Maximilian Missoni on his life as Head of Design at Polestar
This weekend Polestar, the electric performance car brand from Sweden, opens its first three Polestar Spaces in the Netherlands. In these retail environments in Rotterdam, Eindhoven and Leidschendam, the Dutch public can meet Polestar 2 for the first time. The fourth Space will open later this year near Amsterdam. Polestar is moving forward towards a more sustainable future and believes electric vehicles are a crucial step on this journey.
These ‘physical’ Spaces are designed to match the minimalist and innovative design philosophy of the brand. Customers can discover the Polestar 1 and Polestar 2 in many different ways; through interactive displays with touchscreens or with Varjo virtual reality that matches the resolution of the human eye. For questions they can always contact Polestar Specialists that, interestingly, do not work on commission basis.
The Polestar 2, which will debut in the Netherlands this weekend, is a fully electric performance fastback. It is also the first car in the world with an integrated Android infotainment system, which means access to Google services such as Google Maps and voice recognition. As Polestar is working towards a sustainable future, the brand created it’s interior out of recycled and vegan materials.
Maximilian Missoni is the Head of Design at Polestar. Maximilian Missoni studied Vehicle Design at the Royal College of Art in London then started his career at the Volkswagen Group. In 2018 he became Head of Design for Polestar.
Being Head of Design of a progressive super design brand we are extremely curious: What does a day in the life of Maximilian Missoni look like?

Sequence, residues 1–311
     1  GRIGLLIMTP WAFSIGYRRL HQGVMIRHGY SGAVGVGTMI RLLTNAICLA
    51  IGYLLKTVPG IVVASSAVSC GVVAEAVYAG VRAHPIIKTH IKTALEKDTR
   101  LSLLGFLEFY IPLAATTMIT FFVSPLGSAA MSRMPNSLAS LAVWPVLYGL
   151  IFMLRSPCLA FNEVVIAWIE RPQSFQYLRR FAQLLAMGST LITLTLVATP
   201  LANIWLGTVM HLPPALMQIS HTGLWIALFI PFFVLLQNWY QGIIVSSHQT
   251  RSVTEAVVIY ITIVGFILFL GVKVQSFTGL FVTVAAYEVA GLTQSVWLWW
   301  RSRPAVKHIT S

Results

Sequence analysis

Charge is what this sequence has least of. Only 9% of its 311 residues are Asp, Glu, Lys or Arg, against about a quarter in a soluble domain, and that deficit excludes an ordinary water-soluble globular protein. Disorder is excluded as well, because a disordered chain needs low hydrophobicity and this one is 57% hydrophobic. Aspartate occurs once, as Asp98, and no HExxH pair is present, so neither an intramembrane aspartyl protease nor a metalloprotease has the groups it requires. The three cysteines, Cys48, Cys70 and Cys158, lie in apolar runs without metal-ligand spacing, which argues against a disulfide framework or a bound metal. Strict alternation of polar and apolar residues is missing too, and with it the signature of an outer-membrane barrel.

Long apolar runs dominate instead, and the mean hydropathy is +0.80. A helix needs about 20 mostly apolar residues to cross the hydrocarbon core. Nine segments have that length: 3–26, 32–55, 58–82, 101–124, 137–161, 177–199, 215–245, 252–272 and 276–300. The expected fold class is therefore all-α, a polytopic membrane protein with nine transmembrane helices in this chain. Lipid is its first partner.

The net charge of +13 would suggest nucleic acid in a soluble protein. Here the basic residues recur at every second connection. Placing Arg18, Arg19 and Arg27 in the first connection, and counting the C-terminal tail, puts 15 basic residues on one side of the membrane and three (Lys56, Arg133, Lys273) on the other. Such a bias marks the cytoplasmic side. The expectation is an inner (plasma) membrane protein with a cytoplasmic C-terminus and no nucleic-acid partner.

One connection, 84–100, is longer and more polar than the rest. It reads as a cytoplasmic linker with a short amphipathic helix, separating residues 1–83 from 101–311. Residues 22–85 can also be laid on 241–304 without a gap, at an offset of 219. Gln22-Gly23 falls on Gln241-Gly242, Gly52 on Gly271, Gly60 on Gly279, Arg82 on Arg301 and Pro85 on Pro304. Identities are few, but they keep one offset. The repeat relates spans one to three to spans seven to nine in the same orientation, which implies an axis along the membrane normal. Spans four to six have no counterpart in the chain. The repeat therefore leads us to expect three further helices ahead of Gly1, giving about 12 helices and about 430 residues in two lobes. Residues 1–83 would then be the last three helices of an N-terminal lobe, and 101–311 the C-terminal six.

It’s probably more down to earth than you’d imagine. We work on many future car models simultaneously and the development process of such complex technological products – especially when aiming at a mass production volume can be very tedious at times. I spend probably two thirds of my days in dark rooms with life size projections or virtual reality rigs where we assess proposals and designs, implementing improvements. I also spend a lot of time in intense discussions with engineering about how to get to the desired results. The remaining third would split into team development, management meetings and strategic tasks. It feels like there is never enough time to just roam and find inspiration.
How do you keep inspired when handling a brand like Polestar?
The biggest task when setting up the design language for a new brand as a team is to distill philosophy and values into three dimensional objects and ultimately products that people want to live with. I see it as my main task to identify great ideas that emerge within the design team and develop them into a stage where we can present them and convince the rest of the management team to support this vision. I have handpicked the guys and girls in my team and have done so because I believe in their individual talent and unique styles. So, they are actually the ones who often inspire me. Coming into work every morning, knowing there is a bunch of highly skilled and creative people who are all keen to shape the future is probably my biggest privilege. On top of that I immerse myself whenever I can into contemporary art and design. And I try to keep learning – lately everything about electric propulsion and the challenges and opportunities of sustainability or even circularity – our next frontier.
What's your home like? Do you practice what you preach?
I try to surround myself with furniture design classics and art that inspires me. Would I like to expand this collection? Absolutely. The one object which probably reflects my design ethos the most – besides the cars of our own brands which I drive – is my boat, designed by a Swedish boat designer and friend of mine, who I studied with back in the days. Its clever, Scandinavian, minimalistic solutions make me happy time and time again.
3,5 We just have to ask… are you perhaps related to the (fashion) Missoni dynasty?
The name Missoni is generally not very common, and the origins of the wider family tree are in northern Italy, but I wouldn’t go further than that.